Here, Telangana appears to have carved out an Odisha-like trajectory where Biju Janata Dal (BJD) has been in power since 2000 and Naveen Patnaik took oath as chief minister for the fifth time last May.
The disappearance of the Congress has not resulted in the emergence of either BJP or a rival regional party in Odisha.
The difference between Naveen Patnaik and KCR is that KCR has a successor waiting in the wings while Patnaik has none.
KT Ramarao (KTR), son of KCR, has proven his mettle both at the hustings and in administration. He is now TRS’ working president and led the party to a stunning victory in the recent municipal elections. KCR consciously chose against campaigning in the elections. He left the field to KTR, who emerged victorious.
In states such as West Bengal, Bihar, Uttar Pradesh, and Maharashtra the space left by Congress was immediately occupied either by more than one regional party or a national party. This is not happening in Telangana even after six years since achievement of statehood. A rival to TRS is yet to born.
KCR’s national dream is said to have been fuelled by two factors – (i) absence of opposition in the state and (ii) the proven talent of son KTR.
Many consider KCR’s withdrawal from campaigning as another attempt to test if the elections could be won without his campaigning, and to demonstrate to the public that KTR is an equally able and astute politician as he is. Since it is proven beyond doubt now, analysts say, KCR will pass the baton to KTR at an opportune time.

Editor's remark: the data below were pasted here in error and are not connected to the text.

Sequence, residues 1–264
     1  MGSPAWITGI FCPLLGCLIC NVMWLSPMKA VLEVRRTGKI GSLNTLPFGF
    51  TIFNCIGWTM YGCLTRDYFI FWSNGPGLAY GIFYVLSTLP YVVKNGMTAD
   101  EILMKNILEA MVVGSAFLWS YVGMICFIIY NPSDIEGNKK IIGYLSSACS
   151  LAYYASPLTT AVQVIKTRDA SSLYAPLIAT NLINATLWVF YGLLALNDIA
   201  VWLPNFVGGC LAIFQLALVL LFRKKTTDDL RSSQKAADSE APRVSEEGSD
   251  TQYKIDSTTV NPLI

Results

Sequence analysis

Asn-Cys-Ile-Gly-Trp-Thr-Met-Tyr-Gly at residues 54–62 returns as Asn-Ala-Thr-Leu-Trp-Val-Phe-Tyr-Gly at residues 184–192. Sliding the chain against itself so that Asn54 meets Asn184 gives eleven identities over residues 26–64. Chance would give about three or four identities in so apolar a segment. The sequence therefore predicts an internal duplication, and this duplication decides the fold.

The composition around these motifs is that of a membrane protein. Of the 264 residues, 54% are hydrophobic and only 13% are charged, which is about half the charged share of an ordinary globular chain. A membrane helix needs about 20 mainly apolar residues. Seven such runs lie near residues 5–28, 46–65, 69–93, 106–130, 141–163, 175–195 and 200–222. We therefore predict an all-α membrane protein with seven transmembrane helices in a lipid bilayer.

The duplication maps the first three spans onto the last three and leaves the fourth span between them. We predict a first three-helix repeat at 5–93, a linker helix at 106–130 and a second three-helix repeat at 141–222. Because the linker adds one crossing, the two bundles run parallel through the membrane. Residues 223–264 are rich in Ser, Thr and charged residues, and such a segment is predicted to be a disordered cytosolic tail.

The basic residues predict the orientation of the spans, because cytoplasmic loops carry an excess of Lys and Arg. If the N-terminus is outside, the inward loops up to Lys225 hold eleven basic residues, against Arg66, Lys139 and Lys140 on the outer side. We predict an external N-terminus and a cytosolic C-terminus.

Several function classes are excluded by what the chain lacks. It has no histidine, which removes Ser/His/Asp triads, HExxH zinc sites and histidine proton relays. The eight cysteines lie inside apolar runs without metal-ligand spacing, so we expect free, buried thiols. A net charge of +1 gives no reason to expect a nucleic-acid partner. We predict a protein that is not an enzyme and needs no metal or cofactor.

Many legislators and senior leaders feel more comfortable interacting with KTR. KTR has succeeded in bridging the gap between a too-tall KCR and a relatively younger generation of party leaders and legislators, said Koneru Konappa, TRS MLA from Kagaznagar.
“KTR has become the party’s ears and eyes. Many young leaders feel at home with KCR than the chief minister, who is the tallest leader. For all those who need a sympathetic ear, KTR is there. His ability to address the local issues and his persuasive skill are well acknowledged. He won accolades even in international fora like GES 2017 and WEF 2020. So, this is the reason for eagerness among the party leaders and legislators alike to see KTR as chief minister,” MLA Konappa said.
KCR is stronger than NTR on many counts. KCR has no successor problem and KCR was also a union minister. Above all KCR has no language problem; he is fluent in Hindi which is an essential qualification for an aspiring national leader.
While NTR was known for his theatrics, KCR, on the other hand, with his vast political knowledge is famous not only for his oratorical skills but also for biting sarcasm.
KCR had already once floated the idea of a federal front much before Lok Sabha elections.
Telangana Assembly elections and subsequent Lok Sabha elections coupled with insistence of some elders on having Congress as a partner in the front put paid to his plans.
The issue had been shelved. Now, the avalanche mass protests across the country against CAA and NPR (National Population Register) seem to have emboldened KCR to test the waters again.
Analysts are of the opinion that the proposed conclave of like-minded parties is meant to gauge the mood and see if it is right time to launch himself in national politics.